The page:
It wasn't a long drive, but by the time I got back, my date had already finished her entrée, a dish of crushed rice (com) with lemongrass chicken. The broken rice kernels stuck together in a soothing starch mass that combined wonderfully with the slightly charred, tart chicken. But she thought the chicken had a rubbery texture. And once she mentioned it, I couldn't disagree.
My bowl of mi was getting cold. There was a plate of condiments beside the bowl that included the odd stalks of greens that I'd puzzled over on my previous visit to Pho Dung. This time, I wanted to find out what the stuff was.
I had already torn up the purple basil and jalapeño slices and thrown them into the soup along with the sprouts, all of which came on the condiment plate. But I was intrigued by the green with leaves that were divided into a lot of frilly tufts, sort of like carrot tops, only thicker. Waving a stalk in the air, I asked my waiter, who didn't speak a lot of English, what it was called.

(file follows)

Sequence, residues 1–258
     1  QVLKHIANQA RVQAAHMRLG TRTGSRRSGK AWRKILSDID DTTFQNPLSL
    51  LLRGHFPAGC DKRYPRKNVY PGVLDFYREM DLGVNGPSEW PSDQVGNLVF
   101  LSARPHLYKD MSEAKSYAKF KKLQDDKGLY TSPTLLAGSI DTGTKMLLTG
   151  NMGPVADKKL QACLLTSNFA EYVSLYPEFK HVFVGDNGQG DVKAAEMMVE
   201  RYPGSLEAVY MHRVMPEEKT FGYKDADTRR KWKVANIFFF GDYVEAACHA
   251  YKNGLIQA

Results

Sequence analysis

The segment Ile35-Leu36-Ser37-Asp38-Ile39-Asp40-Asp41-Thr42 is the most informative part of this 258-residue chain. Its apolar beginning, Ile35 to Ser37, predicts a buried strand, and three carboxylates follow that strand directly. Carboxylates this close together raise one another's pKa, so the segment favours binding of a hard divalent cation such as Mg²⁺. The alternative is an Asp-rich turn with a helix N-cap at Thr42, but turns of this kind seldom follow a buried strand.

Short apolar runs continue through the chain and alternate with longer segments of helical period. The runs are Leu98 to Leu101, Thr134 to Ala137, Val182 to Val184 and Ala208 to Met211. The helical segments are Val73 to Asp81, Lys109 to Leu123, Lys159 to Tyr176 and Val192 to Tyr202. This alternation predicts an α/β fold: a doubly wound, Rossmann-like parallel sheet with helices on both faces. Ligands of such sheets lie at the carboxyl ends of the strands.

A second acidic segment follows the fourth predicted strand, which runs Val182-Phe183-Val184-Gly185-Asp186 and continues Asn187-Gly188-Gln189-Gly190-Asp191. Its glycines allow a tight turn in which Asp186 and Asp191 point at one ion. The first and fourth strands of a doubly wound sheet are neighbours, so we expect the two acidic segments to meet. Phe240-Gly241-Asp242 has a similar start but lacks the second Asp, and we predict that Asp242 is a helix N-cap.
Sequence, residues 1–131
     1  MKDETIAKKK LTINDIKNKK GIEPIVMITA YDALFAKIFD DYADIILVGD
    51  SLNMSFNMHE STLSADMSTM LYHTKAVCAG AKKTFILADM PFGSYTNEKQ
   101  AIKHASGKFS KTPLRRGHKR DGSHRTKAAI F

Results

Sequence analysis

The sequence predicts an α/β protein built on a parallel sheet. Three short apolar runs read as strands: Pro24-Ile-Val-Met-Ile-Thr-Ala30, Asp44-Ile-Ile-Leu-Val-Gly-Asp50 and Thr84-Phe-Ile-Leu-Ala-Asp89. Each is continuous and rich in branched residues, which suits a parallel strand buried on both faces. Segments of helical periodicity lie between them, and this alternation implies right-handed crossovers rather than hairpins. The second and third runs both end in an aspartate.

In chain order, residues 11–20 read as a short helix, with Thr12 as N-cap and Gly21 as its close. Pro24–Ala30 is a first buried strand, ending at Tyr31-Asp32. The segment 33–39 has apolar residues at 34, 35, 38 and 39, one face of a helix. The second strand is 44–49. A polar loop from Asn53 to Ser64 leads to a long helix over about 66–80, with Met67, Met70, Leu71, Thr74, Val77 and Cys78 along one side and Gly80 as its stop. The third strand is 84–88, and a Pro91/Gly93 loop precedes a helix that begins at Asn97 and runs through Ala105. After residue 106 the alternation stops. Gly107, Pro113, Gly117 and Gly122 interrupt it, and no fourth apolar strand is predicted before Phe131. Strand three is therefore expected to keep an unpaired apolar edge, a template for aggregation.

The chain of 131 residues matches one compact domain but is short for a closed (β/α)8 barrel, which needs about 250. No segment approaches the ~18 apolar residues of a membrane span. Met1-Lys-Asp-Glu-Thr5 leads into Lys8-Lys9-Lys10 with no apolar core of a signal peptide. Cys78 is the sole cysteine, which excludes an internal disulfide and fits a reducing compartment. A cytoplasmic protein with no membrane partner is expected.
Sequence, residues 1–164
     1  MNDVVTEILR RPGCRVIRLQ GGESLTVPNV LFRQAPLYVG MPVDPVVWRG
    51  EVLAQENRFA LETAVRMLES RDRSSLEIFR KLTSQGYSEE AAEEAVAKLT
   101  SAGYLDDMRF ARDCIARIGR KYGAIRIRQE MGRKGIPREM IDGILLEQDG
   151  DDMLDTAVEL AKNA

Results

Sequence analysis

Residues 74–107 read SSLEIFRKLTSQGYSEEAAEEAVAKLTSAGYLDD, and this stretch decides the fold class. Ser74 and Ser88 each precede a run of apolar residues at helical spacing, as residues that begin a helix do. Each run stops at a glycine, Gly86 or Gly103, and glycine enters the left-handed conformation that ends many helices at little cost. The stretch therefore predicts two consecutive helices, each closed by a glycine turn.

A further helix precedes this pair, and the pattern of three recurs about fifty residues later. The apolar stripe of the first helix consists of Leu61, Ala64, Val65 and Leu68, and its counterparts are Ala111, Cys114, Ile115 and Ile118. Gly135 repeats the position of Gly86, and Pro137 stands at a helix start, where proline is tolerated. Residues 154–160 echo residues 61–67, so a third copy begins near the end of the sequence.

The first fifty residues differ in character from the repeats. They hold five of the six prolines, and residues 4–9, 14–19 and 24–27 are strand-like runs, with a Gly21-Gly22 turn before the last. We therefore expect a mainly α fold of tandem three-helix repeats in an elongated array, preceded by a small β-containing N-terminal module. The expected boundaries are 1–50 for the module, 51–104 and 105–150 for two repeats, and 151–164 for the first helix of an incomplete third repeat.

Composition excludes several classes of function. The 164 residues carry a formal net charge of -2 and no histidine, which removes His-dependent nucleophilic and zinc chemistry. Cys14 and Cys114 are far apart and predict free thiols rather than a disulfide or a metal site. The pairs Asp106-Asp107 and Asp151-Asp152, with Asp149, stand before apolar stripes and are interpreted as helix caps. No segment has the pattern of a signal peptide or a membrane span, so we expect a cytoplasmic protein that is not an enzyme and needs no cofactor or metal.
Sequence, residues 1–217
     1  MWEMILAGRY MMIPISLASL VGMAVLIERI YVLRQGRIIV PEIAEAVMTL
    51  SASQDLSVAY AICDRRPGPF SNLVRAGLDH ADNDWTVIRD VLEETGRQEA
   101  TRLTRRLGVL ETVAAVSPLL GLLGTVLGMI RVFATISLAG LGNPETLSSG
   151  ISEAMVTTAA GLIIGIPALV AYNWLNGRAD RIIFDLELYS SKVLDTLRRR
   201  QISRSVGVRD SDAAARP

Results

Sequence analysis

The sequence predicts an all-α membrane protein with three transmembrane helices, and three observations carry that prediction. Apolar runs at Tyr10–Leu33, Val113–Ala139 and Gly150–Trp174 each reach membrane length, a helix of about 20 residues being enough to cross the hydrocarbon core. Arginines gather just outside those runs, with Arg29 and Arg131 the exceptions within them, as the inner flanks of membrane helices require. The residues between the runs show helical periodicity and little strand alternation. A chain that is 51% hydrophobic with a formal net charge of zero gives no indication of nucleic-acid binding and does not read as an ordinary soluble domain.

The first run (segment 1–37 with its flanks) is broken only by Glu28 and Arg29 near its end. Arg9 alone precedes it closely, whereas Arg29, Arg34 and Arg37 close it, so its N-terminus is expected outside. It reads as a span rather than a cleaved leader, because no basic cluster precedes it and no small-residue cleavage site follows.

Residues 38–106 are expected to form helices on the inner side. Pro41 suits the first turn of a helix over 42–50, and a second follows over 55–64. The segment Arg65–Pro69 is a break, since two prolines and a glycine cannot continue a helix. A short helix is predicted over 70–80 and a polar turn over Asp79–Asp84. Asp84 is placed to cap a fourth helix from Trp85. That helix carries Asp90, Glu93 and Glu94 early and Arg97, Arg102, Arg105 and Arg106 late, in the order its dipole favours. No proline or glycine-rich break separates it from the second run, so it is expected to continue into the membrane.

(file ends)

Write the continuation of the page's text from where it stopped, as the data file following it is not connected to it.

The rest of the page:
"Green vegetables," he said.
I rolled my eyes and asked the lady at the next table, who was watching my exchange with amusement. It's called tong ho, according to the sign over at Hong Kong Supermarket, she said.
I stopped by the produce section of the Asian grocery store later to make sure I had the spelling right. Then I looked up "tong ho" on the Internet when I got home. Turns out it's an edible variety of chrysanthemum known as shungiku in Chinese. Some sources list the English name as chop suey greens. When was the last time you ordered chop suey?
Tong ho is a combination herb, vegetable and edible flower, according to some horticulturists. Its flavor is described by various sources as resembling that of zucchini, spinach, mint, garlic and celery. Personally, I think it tastes like chard, but I was taken with the texture, which is a little tougher than most herbs, and holds up well in hot broth.